National Diabetes Month

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It’s time to understand the ABCs of Diabetes and become the director of your own health!

The statistics are just as staggering as they are frightening. One in 10 Americans has diabetes, which accounts for more than 30 million individuals. That number may continue to grow, however, as another 84 million adults in the United States are at risk for developing Type 2 diabetes. Left untreated, diabetes can be a death sentence, as it is one of the primary causes of disability and death in the United States. If not managed and controlled, this disease can pack a serious punch, potentially leading to blindness, nerve damage, kidney disease and a host of other health problems.



National Diabetes Month is observed every November, and is an integral part of the American Diabetes Association’s effort to raise awareness of this menacing disease impacting so many lives. Living with diabetes is not easy, and of all the people on your diabetes care team, you are the most important member, as you are in charge of the changes you make to improve your health. As such, this year’s theme is You Are the Center of Your Diabetes Care Team. Those within the health care arena can get involved by sharing resources and reminding people with diabetes they are the most important member of their diabetes care team, and that seeking continued support from their health care professionals, friends, family and community is a highly integral part of successfully managing this disease.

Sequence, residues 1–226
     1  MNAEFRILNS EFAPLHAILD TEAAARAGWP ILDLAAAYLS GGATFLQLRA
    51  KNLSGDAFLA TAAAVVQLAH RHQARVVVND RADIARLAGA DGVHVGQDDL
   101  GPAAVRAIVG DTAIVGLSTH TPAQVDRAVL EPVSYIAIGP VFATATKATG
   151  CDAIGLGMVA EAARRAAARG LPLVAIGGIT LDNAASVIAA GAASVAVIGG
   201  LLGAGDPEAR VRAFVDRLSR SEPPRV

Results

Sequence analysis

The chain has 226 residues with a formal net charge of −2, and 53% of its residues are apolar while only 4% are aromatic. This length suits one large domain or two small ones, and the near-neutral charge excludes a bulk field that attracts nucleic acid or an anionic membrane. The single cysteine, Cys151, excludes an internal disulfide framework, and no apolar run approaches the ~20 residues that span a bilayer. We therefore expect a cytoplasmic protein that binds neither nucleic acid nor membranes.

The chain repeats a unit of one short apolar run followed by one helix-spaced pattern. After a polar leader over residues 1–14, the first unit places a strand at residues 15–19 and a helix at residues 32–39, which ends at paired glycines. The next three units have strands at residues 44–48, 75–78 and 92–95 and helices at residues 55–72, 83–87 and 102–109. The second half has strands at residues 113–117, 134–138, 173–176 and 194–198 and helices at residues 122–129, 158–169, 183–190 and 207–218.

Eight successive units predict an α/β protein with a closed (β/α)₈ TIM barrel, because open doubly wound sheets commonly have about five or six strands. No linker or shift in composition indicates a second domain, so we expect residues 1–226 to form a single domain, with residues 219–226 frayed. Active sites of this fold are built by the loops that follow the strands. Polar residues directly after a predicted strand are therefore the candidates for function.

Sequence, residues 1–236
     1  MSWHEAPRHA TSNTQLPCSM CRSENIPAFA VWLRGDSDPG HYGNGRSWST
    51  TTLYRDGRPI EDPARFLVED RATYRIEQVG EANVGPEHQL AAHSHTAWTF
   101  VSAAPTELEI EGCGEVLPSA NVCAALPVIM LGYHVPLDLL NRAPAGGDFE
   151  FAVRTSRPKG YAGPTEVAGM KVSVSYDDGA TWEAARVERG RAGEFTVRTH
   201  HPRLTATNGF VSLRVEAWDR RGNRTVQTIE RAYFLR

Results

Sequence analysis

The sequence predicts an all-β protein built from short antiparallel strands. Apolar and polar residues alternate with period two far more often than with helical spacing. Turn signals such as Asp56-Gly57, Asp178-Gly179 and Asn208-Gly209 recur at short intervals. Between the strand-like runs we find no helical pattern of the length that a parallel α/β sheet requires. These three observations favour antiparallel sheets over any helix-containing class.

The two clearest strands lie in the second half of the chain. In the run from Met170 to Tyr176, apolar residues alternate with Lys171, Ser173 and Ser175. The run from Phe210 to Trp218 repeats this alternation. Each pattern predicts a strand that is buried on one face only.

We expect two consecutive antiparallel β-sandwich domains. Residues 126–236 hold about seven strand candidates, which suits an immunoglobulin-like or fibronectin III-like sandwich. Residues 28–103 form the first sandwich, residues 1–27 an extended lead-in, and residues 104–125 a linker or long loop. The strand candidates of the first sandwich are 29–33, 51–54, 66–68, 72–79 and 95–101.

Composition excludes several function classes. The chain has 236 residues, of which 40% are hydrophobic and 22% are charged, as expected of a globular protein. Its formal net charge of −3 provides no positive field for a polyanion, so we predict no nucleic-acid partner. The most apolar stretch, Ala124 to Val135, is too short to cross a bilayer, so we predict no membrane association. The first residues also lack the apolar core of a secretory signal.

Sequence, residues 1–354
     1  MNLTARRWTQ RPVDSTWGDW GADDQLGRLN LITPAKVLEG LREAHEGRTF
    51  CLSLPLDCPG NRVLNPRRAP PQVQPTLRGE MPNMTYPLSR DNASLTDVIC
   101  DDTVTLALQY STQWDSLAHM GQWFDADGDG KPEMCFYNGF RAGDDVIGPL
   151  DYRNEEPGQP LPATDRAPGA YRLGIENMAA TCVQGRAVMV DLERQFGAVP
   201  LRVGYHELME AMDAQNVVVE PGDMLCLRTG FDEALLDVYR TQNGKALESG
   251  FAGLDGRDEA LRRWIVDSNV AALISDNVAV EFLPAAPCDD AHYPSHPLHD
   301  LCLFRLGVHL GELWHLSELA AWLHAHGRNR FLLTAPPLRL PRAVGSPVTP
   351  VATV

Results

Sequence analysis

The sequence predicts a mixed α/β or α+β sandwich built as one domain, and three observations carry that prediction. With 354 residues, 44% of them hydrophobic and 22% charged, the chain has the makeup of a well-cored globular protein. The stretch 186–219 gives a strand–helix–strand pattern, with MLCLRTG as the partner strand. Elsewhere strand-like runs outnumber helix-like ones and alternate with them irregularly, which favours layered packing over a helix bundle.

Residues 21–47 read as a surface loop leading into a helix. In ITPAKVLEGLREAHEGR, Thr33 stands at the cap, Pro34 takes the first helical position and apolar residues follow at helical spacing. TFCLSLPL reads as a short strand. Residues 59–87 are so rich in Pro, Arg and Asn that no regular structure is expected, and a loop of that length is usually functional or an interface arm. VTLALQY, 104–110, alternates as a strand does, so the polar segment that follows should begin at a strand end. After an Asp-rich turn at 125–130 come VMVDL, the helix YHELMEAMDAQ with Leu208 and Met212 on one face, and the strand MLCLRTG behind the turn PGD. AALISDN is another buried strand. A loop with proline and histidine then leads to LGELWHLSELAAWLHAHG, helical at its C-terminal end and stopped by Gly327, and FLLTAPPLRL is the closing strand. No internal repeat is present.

How do you manage diabetes for life?  First of all, take the time to learn about diabetes. There are three main types: Type 1; Type 2; and Gestational. With Type 1, the body does not make insulin, which is what we need to live. With Type 2, the body does not make or use insulin well. This is the most common type of the disease. Gestational diabetes occurs during pregnancy and most of the time goes away after the baby is born. However, even if it does go away, the women affected – and their children – are at an increased risk of developing diabetes later in life.

Yes, diabetes is a serious disease, but it is not unmanageable. In order to successfully control it, it is vital to make healthy food choices, keep your weight at a healthy level, and incorporate more physical activity into your daily routine. It may sound like a lot to consider, but it is well worth the effort. With diabetes, you may feel less energetic, become more tired and thirsty, have to visit the bathroom more often, suffer from slow-to-heal wounds and have an increased number of skin or bladder infections. More damaging are the adverse effects it takes on your overall health, including the potential for heart attack or stroke; vision problems and potential blindness; pain, tingling, or numbness in your hands or feet; and teeth and gum issues.



If you have been diagnosed with diabetes, ask your health care professional what type you have and then learn where to go for support and how to care for your diabetes so you feel good not just today, but in the years to come. All it takes is a rehearsal of your ABCs, in a new light, and this means understanding your A1C, your blood pressure and your cholesterol. The A1C is a blood test designed to measure your blood sugar levels over time. If those numbers get too high, the elevated levels of blood sugar can harm your   heart, blood vessels, kidneys, feet and eyes. Ideally, your A1C goal should be below seven. Ask your doctor what it should be specifically for you. Keep tabs on your blood pressure. For most individuals with diabetes, the goal is 140/90. If your blood pressure gets too high, it makes your heart work harder and therefore can lead to a stroke or a heart attack, as well as damage your kidneys or eyes.